- ↑ ▷ VIDEO: Masterpieces of Art: Pascaline. In: museum television. June 3, 2016, accessed on March 13, 2019 (German).
- ↑ Jan-Willem Liebezeit: Leibniz calculating machines .
- ↑ http://www.math.tu-dresden.de/wir/staff/ludwig/sammlung/poster.pdf p. 11
- ↑ Korte, pp. 23-30
- ↑ Silvio Hénin: Two early Italian key-driven calculators. IEEE Annals of the History of Computing 32.1 (2010).
- ↑ Denis Roegel: Before Torchi and Schwilgué, There Was White. IEEE Annals of the History of Computing 38.4 (2016), pp. 92-93.
- ↑ Computer dictionary: Walther Multa 32. Retrieved on July 31, 2012 .
- ↑ Ulrich Fritsch: The new dimension. Future strategies of international top managers, Düsseldorf, Vienna 1986, p. 138: "In 1952 Heinz Nixdorf founded the laboratory for pulse technology in Essen "
- ↑ Friden EC-130 Electronic calculator (1963)
- ↑ Activity report of a Swiss engineer in California.
- ↑ computermuseum.informatik.uni-stuttgart.de IME 84
- ↑ computermuseum.informatik.uni-stuttgart.de Sanyo ICC 82-D
- ↑ www.schlepptops.de Printing desk calculators without display
literature
- Herbert Bruderer: Milestones in computer technology. Volume 1: Mechanical calculating machines, slide rules, historical automatons and scientific instruments. 2nd, greatly expanded edition. Walter de Gruyter, Berlin / Boston 2018, ISBN 978-3-11-051827-6 .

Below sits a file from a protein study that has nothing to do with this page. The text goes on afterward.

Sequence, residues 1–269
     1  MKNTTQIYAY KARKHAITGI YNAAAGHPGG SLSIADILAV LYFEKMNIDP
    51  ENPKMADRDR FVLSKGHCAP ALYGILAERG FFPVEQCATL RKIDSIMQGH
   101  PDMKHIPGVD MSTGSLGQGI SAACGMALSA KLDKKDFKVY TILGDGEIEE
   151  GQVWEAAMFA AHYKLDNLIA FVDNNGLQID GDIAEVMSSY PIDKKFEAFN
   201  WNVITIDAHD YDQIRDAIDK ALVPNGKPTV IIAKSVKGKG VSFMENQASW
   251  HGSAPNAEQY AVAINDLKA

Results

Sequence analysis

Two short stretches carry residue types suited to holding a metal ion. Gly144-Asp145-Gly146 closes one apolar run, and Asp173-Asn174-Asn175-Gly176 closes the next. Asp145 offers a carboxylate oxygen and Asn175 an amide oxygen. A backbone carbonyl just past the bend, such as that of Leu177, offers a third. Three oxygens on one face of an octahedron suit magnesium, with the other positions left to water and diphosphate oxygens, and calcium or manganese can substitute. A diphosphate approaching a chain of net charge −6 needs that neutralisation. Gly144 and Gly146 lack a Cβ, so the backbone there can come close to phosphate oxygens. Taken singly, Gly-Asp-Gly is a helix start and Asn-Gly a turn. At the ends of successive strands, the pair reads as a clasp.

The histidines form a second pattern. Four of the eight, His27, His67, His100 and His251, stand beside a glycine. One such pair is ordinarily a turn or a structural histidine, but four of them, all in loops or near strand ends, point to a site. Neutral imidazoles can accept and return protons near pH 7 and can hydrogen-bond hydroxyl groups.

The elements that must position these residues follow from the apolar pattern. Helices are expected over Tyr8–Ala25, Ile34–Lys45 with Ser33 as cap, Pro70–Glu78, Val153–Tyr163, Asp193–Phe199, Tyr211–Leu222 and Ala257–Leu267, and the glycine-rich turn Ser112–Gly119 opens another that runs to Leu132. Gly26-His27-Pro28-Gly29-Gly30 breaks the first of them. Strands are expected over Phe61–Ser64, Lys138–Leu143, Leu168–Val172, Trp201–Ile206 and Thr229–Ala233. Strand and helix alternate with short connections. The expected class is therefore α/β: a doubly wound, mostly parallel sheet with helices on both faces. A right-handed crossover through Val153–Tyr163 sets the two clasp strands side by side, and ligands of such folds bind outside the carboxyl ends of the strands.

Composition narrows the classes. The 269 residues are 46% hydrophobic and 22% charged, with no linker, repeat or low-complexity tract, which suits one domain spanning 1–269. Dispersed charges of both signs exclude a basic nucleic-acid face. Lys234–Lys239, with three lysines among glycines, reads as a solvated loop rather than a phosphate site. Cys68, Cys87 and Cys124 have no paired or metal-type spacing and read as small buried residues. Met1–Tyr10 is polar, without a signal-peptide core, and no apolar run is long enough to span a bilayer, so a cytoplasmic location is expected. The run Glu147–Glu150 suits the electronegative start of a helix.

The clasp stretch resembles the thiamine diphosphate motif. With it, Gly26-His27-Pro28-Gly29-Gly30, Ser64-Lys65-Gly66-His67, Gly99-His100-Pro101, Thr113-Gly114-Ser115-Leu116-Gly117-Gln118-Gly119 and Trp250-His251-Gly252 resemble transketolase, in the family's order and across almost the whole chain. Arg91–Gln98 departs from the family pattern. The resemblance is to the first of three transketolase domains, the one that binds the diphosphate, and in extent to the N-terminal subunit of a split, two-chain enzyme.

- Bruno Baron von Freytag-Löringhoff : Wilhelm Schickard's Tübingen calculating machine from 1623 . 5th, exp. Edition, edit. by Friedrich Seck. University of Tübingen, Culture Office, Tübingen 2002, ISBN 3-910090-48-6 (= Kleine Tübinger Schriften series , issue 4).
- Bernhard Korte : The adding machine from Johann Christoph Schuster 1820/22 . Kulturstiftung der Länder, Berlin 2004 (= Patrimonia 203).
- Bernhard Korte: On the history of machine computing. Speech at the 57th Annual General Meeting of the Society of Friends and Supporters of the Rhine. Friedrich Wilhelms Univ. Bonn (GEFFRUB) on June 14, 1980 . Bouvier, Bonn 1981 (= Bonn academic speeches , No. 54).
- Karl Lenz: The calculating machines and machine computing . Teubner, Leipzig and Berlin 1915.
- Ludolf von Mackensen : The first decadal and dual calculating machines . In: Erwin Stein , Albert Heinekamp (ed.): Gottfried Wilhelm Leibniz - The work of the great philosopher and universal scholar as mathematician, physicist, technician . Gottfried Wilhelm Leibniz Society, Hanover 1990, ISBN 3-9800978-4-6 , pp. 52-61.